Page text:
Further, communication was tough. I wasn't comfortable just throwing money at the problem — I needed to be more engaged than that. So I decided to go back.
I wasn't sure what I would find. Word had reached me that Hay Mar Soe had been obliged to take a job in a restaurant — a place where men get drunk and sing karaoke; the kind of job that can be the first step towards prostitution. (I found out later the job paid her 3000 kyat — just over US$3 — per month!)
Upon arrival in Mandalay, Michael and I asked for her at the river bank and the first guy we asked knew her. He led us across the road and down a side street. Suddenly I heard my name called and turned to see Hay Mar Soe running towards us sporting a wide grin.
The reunion was sweet and the news generally good — the best I could have hoped for. She and her mom have stable, if somewhat inadequate, shelter underneath a house. Not quite a basement even, but much better than squatting on the riverbank where police would come occasionally in the middle of the night and anyone caught "living" there would "disappear".
The folks who own the house have become like family and, in the rainy season, when the space underneath floods, Hay Mar Soe and her mom can sleep upstairs. In return they pay a small amount each month and Hay Mar Soe helps out with the family's small shop.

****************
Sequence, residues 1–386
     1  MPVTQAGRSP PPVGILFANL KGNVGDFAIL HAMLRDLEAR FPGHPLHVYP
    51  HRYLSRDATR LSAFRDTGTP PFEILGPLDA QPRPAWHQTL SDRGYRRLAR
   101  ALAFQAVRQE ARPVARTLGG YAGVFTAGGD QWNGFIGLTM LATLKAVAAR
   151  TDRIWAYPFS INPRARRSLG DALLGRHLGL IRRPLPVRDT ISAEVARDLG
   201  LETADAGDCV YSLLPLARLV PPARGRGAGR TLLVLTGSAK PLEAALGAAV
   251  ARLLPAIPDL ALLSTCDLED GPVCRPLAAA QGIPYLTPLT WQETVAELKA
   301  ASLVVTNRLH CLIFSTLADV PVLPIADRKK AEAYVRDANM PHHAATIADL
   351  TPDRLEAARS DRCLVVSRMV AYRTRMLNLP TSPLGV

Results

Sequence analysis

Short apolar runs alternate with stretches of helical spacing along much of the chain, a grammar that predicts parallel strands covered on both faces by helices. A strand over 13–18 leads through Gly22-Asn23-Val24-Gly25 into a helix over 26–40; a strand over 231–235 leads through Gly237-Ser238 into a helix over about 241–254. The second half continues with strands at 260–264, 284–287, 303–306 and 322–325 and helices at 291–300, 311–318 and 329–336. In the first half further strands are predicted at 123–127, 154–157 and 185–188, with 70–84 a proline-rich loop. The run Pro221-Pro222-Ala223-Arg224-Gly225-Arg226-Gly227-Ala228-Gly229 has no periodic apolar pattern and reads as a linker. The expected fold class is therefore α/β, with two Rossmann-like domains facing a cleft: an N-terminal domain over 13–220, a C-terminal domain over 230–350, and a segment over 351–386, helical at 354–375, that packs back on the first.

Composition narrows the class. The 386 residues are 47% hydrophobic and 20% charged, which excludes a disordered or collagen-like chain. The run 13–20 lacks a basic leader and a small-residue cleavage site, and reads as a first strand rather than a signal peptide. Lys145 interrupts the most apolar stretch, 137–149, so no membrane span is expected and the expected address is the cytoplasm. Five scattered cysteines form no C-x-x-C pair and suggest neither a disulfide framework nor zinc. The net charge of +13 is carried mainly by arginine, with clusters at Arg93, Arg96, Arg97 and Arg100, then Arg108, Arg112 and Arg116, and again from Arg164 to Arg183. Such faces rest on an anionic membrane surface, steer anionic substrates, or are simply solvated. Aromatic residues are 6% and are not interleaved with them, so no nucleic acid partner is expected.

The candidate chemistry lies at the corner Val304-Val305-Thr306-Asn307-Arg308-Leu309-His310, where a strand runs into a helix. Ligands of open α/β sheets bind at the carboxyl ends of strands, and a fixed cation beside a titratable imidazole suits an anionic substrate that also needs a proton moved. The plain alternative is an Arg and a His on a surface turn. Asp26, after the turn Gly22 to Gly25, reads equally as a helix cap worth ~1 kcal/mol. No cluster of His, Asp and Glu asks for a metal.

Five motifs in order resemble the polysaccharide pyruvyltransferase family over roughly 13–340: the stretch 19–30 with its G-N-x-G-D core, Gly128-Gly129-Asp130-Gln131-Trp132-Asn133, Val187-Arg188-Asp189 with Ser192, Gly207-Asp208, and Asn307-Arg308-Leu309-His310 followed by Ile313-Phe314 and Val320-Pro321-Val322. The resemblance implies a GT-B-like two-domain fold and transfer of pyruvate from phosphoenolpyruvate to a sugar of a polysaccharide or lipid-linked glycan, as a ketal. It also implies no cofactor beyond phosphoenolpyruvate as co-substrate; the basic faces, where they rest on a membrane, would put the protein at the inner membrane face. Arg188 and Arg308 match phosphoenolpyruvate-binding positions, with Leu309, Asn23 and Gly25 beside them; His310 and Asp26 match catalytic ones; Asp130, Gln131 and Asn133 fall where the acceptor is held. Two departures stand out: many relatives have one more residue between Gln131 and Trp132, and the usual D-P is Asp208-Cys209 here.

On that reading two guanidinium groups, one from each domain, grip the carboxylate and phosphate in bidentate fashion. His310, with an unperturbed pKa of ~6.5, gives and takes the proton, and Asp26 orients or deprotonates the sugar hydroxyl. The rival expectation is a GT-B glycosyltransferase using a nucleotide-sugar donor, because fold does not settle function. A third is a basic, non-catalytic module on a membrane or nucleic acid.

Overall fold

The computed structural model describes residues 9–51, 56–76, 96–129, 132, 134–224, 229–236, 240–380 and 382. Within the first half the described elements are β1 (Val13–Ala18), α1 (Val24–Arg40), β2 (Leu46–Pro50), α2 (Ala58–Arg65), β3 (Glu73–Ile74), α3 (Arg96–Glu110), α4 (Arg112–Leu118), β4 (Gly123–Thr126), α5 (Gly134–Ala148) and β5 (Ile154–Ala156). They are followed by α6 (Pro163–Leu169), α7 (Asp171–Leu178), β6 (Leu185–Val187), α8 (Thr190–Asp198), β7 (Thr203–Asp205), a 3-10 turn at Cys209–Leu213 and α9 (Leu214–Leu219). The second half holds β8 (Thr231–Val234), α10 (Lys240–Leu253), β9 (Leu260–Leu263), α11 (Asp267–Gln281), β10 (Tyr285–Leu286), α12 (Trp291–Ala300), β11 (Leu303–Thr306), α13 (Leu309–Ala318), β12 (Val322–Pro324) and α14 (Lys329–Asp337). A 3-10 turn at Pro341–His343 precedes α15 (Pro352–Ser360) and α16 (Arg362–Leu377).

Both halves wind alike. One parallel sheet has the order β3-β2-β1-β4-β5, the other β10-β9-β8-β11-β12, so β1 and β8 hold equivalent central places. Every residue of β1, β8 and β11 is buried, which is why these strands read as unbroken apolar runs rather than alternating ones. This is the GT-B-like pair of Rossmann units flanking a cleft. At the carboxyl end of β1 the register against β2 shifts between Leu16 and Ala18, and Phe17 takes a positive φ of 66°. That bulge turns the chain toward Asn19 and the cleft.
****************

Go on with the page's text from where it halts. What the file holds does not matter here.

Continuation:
More importantly, I learned that Hay Mar Soe had quit the job at the restaurant. She had recognized herself that this was not a good situation — not a place she wanted to be — and was able to get out of it.
The third significant thing for me that first day was to hear how much Hay Mar Soe's English had improved. Without classes and with few books, she had nonetheless made incredible progress.
* * * * *
It may come as a surprise that in Burma you rarely see soldiers or police on the streets of the cities. This doesn't mean people don't live in fear. Under brutal military rule the regimentation of society becomes self-fulfilling. Hay Mar Soe is afraid to go around town with me because here I'm seen as a tourist and seen with me she'd be taken for a guide. Or so she thinks. In this view of things she says guides would be angry and give her trouble because she doesn't have a guide's license. "Dangerous for me", she says. "I go to prison." And then she laughs — for that is what people do in Burma when discussing the restrictions and dangers in their lives. The absurdities and injustices of the government are often described as "funny" (with tongue presumably well lodged in cheek).